Antifreeze is used in vehicle engines and is often stored around sheds and garages. It commonly contains an ingredient, ethylene glycol, which can be deadly to your pets by causing severe kidney damage. Affected pets will initially appear drunk and nauseous, which progresses to continuous vomiting, seizures, coma, and death as the kidneys fail within 1-3 days of ingestion. To ensure that your pet has the best chance of survival, veterinary attention must be sought immediately after you suspect an exposure.
Antifreeze is an integral part of your engine’s coolant, or radiator fluid, and is essential to keeping the engine running smoothly during extreme temperature fluctuations. The most common active ingredient in antifreeze for vehicles is ethylene glycol, a sweet, odorless, and colorless liquid with a molecular structure similar to ethanol (alcohol). Since our pets typically find this sweet liquid delicious, they won’t easily get deterred from drinking enough to cause harm. Certain companies do add a bitter tasting deterrent to antifreeze products, which may minimize exposure, but unfortunately, does not prevent an ingestion. Ethylene glycol is extremely dangerous when ingested and can lead to kidney failure and death if not addressed right away.
Shortly after ingestion, ethylene glycol acts very similarly to ethanol by causing neurologic changes in our pets. Once it makes its way to the liver, it is metabolized into a few different toxic compounds that are responsible for many of the life-threatening symptoms that follow.
The first signs you may notice in early stages of ethylene glycol ingestion include vomiting, unsteady gait (ataxia), increased thirst and urination, and possibly seizures. These signs usually begin within 30 minutes of ingestion but can be delayed up to 12 hours. During this time, calcium oxalate crystals are also starting to form, even though they may not be seen in the urine immediately. The following signs include a rapid heart rate and faster breathing, which occur up to 24 hours after ingestion. Anywhere within 24-72 hours after ingestion, kidney failure will begin to set in, which can be as early as 3 hours in cats. The pet will have a decreased urine output, depression, continuous vomiting, and eventual seizures, coma, and death if untreated.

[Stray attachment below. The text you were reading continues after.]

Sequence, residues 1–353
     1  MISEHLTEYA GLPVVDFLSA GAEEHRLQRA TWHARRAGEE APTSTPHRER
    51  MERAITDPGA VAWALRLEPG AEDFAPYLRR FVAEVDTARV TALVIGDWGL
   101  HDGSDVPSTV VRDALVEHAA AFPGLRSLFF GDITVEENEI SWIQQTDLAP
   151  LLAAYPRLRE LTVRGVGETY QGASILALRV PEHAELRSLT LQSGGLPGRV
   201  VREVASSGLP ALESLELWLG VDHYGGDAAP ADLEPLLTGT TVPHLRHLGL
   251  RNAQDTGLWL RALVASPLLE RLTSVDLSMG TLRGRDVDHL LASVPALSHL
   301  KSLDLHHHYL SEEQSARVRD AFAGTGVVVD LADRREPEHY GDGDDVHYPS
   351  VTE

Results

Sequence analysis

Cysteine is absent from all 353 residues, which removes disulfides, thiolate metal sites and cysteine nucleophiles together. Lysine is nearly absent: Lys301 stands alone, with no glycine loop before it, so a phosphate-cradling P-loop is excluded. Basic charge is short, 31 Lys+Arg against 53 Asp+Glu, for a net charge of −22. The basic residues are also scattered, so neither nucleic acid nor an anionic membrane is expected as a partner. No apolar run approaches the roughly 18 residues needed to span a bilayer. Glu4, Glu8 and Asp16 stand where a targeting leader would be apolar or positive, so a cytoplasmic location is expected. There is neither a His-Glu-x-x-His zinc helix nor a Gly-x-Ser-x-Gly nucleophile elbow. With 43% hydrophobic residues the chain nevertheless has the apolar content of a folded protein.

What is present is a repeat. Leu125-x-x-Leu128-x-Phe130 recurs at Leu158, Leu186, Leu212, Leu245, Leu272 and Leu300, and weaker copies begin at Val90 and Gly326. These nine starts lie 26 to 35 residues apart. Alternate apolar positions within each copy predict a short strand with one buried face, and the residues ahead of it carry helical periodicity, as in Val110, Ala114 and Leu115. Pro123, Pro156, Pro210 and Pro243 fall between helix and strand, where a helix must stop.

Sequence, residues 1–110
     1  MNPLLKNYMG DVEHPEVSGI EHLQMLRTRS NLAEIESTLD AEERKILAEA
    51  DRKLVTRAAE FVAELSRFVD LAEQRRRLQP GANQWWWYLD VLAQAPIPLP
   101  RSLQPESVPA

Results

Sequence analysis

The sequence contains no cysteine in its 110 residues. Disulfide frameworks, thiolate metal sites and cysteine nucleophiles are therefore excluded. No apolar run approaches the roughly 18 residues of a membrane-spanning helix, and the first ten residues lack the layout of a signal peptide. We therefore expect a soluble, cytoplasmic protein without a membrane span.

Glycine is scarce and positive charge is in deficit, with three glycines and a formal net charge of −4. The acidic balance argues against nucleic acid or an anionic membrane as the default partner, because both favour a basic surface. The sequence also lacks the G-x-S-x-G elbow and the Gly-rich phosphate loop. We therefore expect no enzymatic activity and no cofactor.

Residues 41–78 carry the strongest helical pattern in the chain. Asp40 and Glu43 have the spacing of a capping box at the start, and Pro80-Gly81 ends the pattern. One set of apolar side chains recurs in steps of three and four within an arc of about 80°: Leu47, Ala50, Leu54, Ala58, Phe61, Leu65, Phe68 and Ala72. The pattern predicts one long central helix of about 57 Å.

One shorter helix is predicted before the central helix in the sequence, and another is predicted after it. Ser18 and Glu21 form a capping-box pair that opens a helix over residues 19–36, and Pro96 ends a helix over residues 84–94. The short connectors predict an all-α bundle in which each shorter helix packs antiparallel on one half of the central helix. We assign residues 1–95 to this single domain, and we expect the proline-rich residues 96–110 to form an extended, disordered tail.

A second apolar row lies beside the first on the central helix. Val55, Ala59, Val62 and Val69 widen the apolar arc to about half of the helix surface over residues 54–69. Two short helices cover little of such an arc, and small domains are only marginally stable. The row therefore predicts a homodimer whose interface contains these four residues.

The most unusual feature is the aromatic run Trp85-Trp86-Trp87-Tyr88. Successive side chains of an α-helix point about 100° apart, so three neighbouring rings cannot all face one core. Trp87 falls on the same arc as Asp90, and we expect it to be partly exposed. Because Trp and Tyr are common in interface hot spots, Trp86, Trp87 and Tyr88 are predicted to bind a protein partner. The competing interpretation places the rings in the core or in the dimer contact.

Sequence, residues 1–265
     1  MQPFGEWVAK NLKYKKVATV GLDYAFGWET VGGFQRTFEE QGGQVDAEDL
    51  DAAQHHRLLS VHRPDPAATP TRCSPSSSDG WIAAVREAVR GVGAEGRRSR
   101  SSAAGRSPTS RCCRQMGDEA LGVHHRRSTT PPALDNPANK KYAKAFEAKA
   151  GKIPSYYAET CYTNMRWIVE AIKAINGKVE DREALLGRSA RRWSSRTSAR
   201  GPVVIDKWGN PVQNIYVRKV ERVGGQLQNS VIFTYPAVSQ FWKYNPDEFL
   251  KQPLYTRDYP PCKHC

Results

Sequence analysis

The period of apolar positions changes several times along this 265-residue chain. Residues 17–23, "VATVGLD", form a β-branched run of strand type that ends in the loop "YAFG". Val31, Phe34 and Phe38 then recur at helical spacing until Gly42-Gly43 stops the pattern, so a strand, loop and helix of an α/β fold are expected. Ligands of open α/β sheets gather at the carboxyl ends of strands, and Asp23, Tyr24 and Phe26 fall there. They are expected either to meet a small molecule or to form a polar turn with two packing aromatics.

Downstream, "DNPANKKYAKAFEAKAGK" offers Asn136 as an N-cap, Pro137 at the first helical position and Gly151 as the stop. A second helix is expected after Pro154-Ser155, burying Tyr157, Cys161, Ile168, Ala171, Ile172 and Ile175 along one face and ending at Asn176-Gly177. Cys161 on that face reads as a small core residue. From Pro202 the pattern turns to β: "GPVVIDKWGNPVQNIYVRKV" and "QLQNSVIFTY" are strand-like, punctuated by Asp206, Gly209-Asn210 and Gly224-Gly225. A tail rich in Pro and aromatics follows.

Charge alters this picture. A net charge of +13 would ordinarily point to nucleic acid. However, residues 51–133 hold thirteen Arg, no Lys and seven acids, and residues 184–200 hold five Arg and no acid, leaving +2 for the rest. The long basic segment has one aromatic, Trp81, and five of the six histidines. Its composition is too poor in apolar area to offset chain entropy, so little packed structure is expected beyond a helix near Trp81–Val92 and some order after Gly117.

To provide your pet with the best chance at a full recovery, treatment must be initiated as soon as possible. As your pet’s kidney injury progresses, the risk of permanent damage or failure beyond repair increases. If lethal doses of ethylene glycol are ingested, it is fatal without veterinary treatment. Even small volumes can be deadly, especially for cats. Antidotes are available but may not be in stock at all veterinary practices and need to be given within a few hours of exposure to be effective. Several diagnostic tests may also be performed to confirm if an exposure occurred.
Help reduce the risk of ethylene glycol toxicity to pets by limiting their access to garages, sheds, and other places where vehicle supplies are kept and take extra care to keep antifreeze and other products containing ethylene glycol stored out of reach. Be sure to check for and clean up any spills after adding antifreeze to your vehicle. If you believe that your pet has accidentally ingested antifreeze, immediately seek veterinary attention or call Pet Poison Helpline at 1-800-213-6680. Having the product packaging on hand can be extremely helpful in determining the amount of ethylene glycol ingested and guiding treatment recommendations.
Cecelia Harmon, Pet Poison Helpline DVM student extern, Virgina Tech class of 2023
Kathy Mackenzie, CVT, Training Coordinator & Veterinary Information Specialist II, Pet Poison Helpline